Apalachicola Maritime Museum – Planning a trip to Florida or live in Florida and you love sailing, boating, and it’s history. This museum would be a good place to visit.

Harry T. and Harriet V. Moore Cultural Center – From the website “The 11.93-acre Harry T. & Harriette V. Moore Memorial Park features the Harry T. & Harriette V. Moore Cultural Center. The Moores were parents, educators, and leading local and national civil rights activists. After organizing the first Brevard County Branch of the NAACP, they remained instrumental in the NAACP and the fight for equality and justice until their untimely deaths. On Christmas night 1951, they were murdered for their involvement in the civil rights movement when a bomb exploded under their home. The park is dedicated to the celebration of their lives and to promoting awareness of their unique contributions to the early civil rights movement.”

History of Melbourne Florida – Read a short history of the town of Melbourne, Florida from the Pioneer age to the Space age.

Historic Rossetter House Museum & Gardens – This is actually two houses and a cemetery. Catch a glimpse of early Melbourne, Florida. Includes group tours, and ghost tours.

History of Jefferson County, Florida – Learn about the Aucilla Prehistory Project, the Monticello Opera House, and more about Jefferson County on their site.

 

The first white settler of Lake Worth July 16, 2010

A. Oswald Lang, first white settler of Lake Worth

Augustus Oswald Lang was the first white settler of Lake Worth. You first read about him on my blog in this post about Protecting Florida’s Coasts during Times of War. He was working as an assistant lighthouse keeper at Jupiter Inlet when the war broke out and he sided with the south and forced the head lighthouse keeper, Jose Francisco Papy aka Joe Papy to leave the lighthouse via his personal craft and return to Key West. He and his cronies then disassemble the lighthouse just enough to keep it out of commission and bury the parts.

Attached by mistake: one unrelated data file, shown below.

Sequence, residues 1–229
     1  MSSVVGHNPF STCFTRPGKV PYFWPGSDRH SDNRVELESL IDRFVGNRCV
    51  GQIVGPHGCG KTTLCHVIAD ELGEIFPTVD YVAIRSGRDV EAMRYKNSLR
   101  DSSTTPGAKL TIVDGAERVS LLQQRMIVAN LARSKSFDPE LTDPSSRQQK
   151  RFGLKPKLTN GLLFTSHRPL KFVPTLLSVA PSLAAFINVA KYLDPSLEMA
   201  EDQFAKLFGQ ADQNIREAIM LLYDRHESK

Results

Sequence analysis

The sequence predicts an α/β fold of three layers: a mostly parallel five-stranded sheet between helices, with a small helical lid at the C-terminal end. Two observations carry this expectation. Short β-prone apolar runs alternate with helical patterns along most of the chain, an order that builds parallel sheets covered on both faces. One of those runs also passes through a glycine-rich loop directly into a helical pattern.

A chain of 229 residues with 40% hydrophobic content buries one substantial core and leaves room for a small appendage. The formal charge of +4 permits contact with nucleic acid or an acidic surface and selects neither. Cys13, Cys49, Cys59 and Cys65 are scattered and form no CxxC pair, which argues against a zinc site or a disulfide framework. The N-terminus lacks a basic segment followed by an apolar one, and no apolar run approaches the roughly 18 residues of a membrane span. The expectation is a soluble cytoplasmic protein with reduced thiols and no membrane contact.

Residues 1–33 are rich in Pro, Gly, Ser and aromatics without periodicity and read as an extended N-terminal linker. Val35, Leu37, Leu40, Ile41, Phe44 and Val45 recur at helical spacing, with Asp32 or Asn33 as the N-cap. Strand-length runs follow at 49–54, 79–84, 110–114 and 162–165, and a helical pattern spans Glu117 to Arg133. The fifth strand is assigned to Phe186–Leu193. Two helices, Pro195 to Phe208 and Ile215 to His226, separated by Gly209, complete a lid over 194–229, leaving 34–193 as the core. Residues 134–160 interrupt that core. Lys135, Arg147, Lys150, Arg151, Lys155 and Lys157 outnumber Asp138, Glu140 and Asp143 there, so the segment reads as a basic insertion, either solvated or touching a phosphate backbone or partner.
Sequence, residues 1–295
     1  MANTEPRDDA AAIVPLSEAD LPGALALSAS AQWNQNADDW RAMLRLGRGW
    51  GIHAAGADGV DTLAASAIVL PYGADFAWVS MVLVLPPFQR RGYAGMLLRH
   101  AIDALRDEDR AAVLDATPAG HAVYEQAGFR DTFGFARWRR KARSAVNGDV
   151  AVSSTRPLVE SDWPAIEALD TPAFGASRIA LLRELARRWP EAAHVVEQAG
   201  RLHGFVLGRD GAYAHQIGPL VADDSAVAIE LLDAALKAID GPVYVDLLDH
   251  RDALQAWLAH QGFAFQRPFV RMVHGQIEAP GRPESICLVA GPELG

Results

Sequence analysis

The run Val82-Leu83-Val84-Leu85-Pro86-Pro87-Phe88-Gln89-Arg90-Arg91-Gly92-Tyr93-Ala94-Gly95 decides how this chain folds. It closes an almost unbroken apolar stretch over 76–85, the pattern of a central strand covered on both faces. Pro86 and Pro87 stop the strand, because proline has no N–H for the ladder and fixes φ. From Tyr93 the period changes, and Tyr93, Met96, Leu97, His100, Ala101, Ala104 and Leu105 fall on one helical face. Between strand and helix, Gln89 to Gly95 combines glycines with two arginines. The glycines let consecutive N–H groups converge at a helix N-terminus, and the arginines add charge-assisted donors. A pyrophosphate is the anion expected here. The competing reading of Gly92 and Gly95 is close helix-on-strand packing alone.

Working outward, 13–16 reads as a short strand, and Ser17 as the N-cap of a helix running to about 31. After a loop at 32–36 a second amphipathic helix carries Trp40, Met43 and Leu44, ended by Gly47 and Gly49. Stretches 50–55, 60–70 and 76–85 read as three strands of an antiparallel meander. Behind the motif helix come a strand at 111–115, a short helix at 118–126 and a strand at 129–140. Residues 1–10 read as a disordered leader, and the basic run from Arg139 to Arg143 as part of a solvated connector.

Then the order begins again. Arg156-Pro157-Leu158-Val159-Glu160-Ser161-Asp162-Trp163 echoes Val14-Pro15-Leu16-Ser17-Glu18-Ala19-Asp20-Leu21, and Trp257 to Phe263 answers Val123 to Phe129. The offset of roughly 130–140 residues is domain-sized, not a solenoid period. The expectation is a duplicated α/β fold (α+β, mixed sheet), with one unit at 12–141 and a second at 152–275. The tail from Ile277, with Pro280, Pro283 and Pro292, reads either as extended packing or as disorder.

Why were the parts not buried and the lighthouse only disassembled rather than

An Original First Order Fresnel Light

destroyed like other east coast Florida lighthouses? It is because it is a Fresnel light the best of it’s kind at the time. It’s light on a clear night could be seen all the way out to the Bahamas which was 20 miles out to sea. It costs $5,000 in 1830. If the same lens were bought today it would cost approximately $99,377.03. The missing parts were later found and sent to Key West for safe keeping until 1866 when it was sent back to Jupiter Inlet and put back into the lighthouse. The Jupiter Inlet lighthouse was out of commission from 1861- 1866 for five years.